The Happiest Book In The World . New York. Therefor e. Museum of Modern Art. 10 . Artist book. detail 1 & 2 of The Happiest Book. everything is given an exchangevalue .the book is also of interest. It is likely that the viewer will realize that happiness is not something to be captured visually and documented accurately. an emotion and by looking at this book we see happiness as accessible within the pages of a book. it could perhaps behold information that is key to enlighten you. Photograph by the author. a non -referential and nontangible concept that one can only define by feeling it. Is happiness now also something to be given a value and something to theori ze and rationalize? Figure 2 Figure 3 Figure 2 & 3: Alex Ostrowski. it is a feeling. Does this mean the book is happy or does this mean that you will be happy when you have read this book or have witnessed what is in the book to witness.9 x 233. One might also detect cynicism or strange humour in this representation of happiness or maybe the artist was trying to question what happiness is.7 cm. theorizing everything could be seen a s a capitalist idea. i n other words. Maybe the problem is trying to capture it in the first place. 2008. One might also choose to interpret it rather as a book that has accomplish ed to capture and document happiness as witnessed by the author. Being happy can be considered as a state of being. 243. an emotion manifested into a physical object.

her style of black text and red background questions her audience about desire.7 cm. and picture editor in the art departments at various publications (The Affluenza Team 2009:[sp]). She has also worked as a graphic designer. Her work is about control and power and is evident with the choice of text that she layers onto her designs. autonomy and globalization.Figure 4: Alex Ostrowski. The images and text that Kruger uses to make her designs are exactly the type of imagery.9 x 233. consumerism. linguistics and ideology which Kruger disagrees with and what is being described as the symptoms of Affluenza. In her work I shop therefore I am . New York. 243. The message is emphasized by her choice of visual material. she also incorporates concise and expressive text (The Affluenza Team 2009:[sp]). She works with the process of layering found photographs from different existing sources. 11 . identity within a capitalist world. individuality. Museum of Modern Art. 2008. Barbara Kruger Barbara Kruger (1945) is an American conceptual artist and designer (The Affluenza Team 2009:[sp]). art director. Photograph by the author. also exhibited at the Affluenza Project. Artist book. detail 3 of The Happiest Book.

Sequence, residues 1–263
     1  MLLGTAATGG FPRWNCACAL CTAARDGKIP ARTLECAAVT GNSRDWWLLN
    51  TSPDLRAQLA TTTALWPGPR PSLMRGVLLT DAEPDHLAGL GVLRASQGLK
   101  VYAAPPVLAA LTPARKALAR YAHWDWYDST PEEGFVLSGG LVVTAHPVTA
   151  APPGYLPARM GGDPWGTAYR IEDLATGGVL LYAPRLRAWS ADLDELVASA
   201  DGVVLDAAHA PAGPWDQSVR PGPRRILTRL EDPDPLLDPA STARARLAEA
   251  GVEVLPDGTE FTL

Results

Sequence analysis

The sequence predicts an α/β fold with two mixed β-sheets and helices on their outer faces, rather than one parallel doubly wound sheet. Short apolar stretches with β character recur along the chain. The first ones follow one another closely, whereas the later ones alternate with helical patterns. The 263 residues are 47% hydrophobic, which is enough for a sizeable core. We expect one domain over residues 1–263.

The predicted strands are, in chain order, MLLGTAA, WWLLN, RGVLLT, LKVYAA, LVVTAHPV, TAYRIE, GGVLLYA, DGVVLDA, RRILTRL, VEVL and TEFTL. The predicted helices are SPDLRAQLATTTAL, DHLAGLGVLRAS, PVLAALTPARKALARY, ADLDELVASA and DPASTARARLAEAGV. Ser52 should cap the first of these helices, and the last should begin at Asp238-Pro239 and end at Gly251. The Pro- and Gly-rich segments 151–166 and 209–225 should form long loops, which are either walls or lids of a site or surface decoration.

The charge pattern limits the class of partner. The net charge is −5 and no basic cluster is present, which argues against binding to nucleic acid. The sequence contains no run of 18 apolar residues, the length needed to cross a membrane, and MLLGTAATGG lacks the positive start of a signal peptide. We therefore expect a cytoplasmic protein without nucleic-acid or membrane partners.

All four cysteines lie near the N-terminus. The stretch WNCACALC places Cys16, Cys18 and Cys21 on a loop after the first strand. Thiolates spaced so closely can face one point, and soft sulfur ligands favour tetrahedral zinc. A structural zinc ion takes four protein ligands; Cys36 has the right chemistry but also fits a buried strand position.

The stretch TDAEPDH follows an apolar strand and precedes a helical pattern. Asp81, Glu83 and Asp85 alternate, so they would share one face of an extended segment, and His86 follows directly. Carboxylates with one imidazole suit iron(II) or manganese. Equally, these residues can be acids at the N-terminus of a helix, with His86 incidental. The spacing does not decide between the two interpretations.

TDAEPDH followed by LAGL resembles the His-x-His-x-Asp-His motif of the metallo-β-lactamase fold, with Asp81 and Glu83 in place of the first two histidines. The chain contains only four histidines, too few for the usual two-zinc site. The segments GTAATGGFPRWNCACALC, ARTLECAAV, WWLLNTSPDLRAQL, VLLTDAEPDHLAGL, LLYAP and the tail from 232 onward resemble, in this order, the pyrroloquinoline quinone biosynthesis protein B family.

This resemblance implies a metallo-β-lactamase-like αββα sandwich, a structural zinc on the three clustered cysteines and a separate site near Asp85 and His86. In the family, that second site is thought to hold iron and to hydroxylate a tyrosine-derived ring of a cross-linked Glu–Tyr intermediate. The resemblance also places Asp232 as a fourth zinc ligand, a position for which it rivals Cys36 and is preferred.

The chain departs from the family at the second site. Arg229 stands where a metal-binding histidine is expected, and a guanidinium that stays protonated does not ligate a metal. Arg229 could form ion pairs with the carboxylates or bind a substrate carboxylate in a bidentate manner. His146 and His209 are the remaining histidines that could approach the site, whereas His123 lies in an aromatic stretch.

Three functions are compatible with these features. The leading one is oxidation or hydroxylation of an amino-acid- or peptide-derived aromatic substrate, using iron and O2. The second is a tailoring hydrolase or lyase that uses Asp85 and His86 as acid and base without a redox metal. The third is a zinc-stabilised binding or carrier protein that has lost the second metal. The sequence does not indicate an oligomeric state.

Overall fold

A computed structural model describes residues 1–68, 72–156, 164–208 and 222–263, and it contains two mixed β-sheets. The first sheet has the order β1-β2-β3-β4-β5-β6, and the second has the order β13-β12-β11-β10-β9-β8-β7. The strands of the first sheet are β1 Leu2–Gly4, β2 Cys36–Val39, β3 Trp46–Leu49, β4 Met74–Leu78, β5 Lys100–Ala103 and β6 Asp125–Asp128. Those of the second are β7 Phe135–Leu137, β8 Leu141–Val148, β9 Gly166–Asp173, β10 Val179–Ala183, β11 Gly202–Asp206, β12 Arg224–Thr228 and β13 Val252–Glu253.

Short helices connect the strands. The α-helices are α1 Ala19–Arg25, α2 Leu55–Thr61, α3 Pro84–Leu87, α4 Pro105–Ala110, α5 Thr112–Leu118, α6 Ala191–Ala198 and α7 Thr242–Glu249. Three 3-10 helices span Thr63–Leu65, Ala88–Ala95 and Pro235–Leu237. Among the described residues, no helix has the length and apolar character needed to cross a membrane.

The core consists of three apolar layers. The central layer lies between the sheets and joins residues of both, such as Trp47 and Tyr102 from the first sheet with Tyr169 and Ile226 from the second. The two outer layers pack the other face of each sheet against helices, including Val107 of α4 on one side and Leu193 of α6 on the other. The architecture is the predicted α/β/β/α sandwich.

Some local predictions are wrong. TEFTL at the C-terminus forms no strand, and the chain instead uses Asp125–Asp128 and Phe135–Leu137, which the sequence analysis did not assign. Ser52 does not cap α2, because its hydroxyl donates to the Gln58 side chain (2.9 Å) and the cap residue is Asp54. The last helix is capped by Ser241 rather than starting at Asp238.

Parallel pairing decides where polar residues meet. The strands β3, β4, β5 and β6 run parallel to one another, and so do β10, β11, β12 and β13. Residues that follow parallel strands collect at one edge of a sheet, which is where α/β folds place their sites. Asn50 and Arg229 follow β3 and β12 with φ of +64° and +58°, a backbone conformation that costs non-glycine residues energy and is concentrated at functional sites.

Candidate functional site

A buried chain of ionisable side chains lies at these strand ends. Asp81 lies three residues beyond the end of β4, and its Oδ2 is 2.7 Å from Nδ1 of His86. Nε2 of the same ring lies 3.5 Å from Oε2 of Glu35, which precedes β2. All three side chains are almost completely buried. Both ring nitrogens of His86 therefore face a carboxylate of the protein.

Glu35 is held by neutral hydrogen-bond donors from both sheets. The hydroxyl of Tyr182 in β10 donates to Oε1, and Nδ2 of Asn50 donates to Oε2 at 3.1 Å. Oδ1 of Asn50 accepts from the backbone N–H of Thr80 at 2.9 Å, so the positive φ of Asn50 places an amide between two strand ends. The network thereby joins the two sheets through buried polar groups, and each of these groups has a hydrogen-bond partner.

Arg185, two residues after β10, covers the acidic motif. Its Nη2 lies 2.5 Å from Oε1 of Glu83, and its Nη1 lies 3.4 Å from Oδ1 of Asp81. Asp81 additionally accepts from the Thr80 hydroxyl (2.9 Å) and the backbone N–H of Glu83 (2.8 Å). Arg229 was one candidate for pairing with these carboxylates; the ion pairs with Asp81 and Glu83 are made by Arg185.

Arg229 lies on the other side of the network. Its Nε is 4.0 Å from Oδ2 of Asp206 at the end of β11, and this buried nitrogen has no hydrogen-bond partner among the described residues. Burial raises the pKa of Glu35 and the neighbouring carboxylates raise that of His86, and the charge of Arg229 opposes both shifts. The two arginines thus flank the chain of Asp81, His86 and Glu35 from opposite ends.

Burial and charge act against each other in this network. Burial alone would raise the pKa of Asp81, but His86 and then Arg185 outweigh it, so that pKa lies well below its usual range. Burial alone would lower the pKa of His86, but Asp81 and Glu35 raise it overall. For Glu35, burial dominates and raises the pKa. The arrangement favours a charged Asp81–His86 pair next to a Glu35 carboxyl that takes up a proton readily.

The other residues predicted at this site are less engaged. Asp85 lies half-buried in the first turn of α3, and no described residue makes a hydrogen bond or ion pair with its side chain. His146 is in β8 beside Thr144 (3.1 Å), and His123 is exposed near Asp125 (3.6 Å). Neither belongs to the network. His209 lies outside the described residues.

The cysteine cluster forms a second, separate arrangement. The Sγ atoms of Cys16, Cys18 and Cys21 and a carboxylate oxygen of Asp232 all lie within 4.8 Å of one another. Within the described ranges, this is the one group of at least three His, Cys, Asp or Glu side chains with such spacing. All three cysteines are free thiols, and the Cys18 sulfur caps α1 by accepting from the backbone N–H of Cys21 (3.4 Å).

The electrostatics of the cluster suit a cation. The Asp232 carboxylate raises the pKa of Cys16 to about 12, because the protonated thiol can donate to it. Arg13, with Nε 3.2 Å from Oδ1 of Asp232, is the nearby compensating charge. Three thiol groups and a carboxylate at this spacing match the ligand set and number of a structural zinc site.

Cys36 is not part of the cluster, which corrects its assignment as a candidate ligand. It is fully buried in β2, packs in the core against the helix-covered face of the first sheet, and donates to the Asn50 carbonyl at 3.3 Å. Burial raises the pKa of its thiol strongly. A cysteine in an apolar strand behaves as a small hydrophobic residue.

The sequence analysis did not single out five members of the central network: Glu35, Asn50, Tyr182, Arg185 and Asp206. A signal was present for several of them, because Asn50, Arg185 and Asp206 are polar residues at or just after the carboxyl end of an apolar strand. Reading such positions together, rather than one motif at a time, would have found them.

a social gathering or a family dinner. we define parts of ourselves by the type of shopping we engage with. When we go to an interview. someone who buys their weekly groceries at Woolworths and those that buy it at Checkers are in two separate 12 . there is a lot to consider when getting dressed for an occasion. is a contested type of statement but yet the major part of the world as a consumerist community do exactly this. Museum of Modern Art. 1987. It is an accessible way to buy things or engage in certain activities to communicate ourselves to others. New York.Figure 5: Barbara Kruger. Photograph by the author. work. I Shop therefore I am. If we demographically just inspect the type of shoppers in Pretoria. Photograph of the installation. I shop therefore I am. as judgemental creatures we do conclude a lot about a person by just their choice of clothing for example. choice of shopping it is believed to showcase identity and personality and.

13 . stress killers. furnishings. I Shop Therefore I am is an artwork that comments on the type of stereotyping that goes with consumerism and the ideology that became manifested within shopping originati ng from capitalism. Among the items to be purchased in the FLOWmarket store are happiness. The goal is a holistic view of growth. A mindset focused on sustainable growth. or is this so because we put so much emphasize on the idea by living according to the above statement? FLOWmarket FLOWmarket is a design group who make products that they think will be the short commodities of the future. We can assume a lot of t hings about both shoppers but in the end comes down to speculation and stereotyping. The Checkers shopper is assumed to being accustomed as having a more average income and life-style. The Woolworths shopper is assumed to have more money. An innovation tool which through the 3 sub-categories individual. self-esteem. Kruger s statement makes the assumption that who I am as a consumer is my identity as a person. It also comments on the ignorance of the statement that people do think this way and questions the meaning of identity displayed in this way.categories when it comes to stereotyping them. inner calmness. a better job and part of a more wealthy middle -class or upper-class way of life. They may be accustomed to nicer (more expensive) things in general: car. and choice takers. And finally a brand that through these 3 parameters transforms and concretizes the mindset into commercial products and services (The Affluenza Team 2009:[sp]). home. FLOW is a mindset. He/she might not be able to afford the products at Woolworths because of the type of job he/she occupies. an innovation tool and a commercial brand. embracing economics and technology as well as social and spiritual aspects (The Affluenza Team 2009:[sp]). clothing etc. appliances. collective and environmental flow concreti zes the parameters for sustainable growth. probably also depending on how big the shopping trolley is filled.